The specific yeast strain, the bottom-fermenting yeast Saccharomyces pastorianus, was not known to travel too well on the long sea-faring voyages across the Atlantic. As ocean travel became faster, the immigrants from Germany found it was possible to bring their strains of yeast to America and set up their own breweries, in particular in St Louis.

Here, one of the major breweries of the US was formed by the German-born immigrant Eberhard Anheuser, which was to become the giant we all know today – Budweiser.

Rather than brewing Vienna-style light and dark beers, American beer producers would make lighter Pilsner-style beers. Adjuncts such as rice or corn would be added to keep the costs down and the American adjunct-style lager was born.

Although most early American beers can fall into the pale lager category, the melting pot of cultures that comprises America led to more innovation and influences from around the world, especially Europe. Until the early 1970s, nearly all the beer sold in America was lager, but the amendment to home brew laws in 1977, along with a few pioneering craft brewers who had visited Europe, led to a boom in the craft beer market.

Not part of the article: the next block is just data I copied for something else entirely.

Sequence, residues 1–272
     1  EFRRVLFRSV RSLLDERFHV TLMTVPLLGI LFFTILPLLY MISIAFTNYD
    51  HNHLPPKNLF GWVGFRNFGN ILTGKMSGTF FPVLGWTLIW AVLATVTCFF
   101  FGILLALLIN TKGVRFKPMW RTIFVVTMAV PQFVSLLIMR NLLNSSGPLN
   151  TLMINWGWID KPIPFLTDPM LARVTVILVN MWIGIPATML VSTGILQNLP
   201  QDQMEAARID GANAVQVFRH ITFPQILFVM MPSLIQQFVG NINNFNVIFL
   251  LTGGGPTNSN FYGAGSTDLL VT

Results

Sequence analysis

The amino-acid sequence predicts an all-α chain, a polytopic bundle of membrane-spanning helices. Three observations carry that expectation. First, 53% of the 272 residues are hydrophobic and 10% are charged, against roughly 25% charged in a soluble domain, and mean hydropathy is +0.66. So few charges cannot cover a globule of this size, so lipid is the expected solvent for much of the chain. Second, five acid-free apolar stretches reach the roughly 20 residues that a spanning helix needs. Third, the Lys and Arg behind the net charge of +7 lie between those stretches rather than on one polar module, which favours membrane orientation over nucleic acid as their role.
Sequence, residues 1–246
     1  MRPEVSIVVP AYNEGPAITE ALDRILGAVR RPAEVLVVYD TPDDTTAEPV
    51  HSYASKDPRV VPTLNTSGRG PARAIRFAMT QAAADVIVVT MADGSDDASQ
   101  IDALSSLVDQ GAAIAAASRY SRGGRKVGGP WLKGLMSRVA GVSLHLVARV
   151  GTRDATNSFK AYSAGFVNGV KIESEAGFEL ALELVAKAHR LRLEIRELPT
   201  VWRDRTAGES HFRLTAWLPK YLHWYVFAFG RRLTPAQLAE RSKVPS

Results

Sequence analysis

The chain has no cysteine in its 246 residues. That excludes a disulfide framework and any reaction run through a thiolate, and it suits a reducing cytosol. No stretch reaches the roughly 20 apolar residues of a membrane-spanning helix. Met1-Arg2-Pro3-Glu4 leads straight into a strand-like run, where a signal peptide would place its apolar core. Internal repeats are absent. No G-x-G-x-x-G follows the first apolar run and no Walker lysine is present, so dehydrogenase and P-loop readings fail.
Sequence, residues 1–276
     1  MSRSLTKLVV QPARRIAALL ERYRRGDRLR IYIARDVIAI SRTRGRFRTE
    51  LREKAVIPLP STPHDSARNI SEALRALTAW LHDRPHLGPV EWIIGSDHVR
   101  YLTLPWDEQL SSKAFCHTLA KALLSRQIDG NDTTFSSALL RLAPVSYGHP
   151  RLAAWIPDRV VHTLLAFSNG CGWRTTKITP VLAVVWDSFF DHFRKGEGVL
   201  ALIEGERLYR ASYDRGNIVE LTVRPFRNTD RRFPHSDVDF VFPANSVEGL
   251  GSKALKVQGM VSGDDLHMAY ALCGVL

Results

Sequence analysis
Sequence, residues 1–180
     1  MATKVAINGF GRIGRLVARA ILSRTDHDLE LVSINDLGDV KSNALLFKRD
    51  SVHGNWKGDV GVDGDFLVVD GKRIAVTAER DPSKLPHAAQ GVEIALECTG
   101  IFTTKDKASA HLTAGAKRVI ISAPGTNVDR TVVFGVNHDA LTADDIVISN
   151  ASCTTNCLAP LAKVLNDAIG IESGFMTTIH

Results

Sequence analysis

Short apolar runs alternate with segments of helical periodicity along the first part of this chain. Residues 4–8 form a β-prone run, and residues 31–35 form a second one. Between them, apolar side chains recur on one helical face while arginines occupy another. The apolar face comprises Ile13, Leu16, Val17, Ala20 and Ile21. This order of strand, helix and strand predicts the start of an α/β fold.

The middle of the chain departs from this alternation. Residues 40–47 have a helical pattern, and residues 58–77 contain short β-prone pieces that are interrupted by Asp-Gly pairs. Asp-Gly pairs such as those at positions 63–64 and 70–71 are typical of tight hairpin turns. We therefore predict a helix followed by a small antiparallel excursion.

Craft breweries such as Anchor Brewing Company, the New Albion Brewing Company, Sierra Nevada, Dogfish Head beers, Samuel Adams, and too many others to name, mean the US now has the most diverse range of beers you will find anywhere in the world.

Although Mexico is still mainly known for its lager, there is a craft beer scene growing in Mexico which has seen smaller brewers producing many varieties of craft beers such as IPAs, Bock-style beer, stout beer, and many other Mexican microbrews.

Hops play an important part in US craft beers with American hops known for their big and bold flavors. American beer is known for its bold, hoppy flavor, and is often brewed with a higher alcohol content than other types of beer. American beers are typically brewed with a combination of malted barley, hops, and yeast, but can also include other ingredients such as fruit, spices, and even chocolate.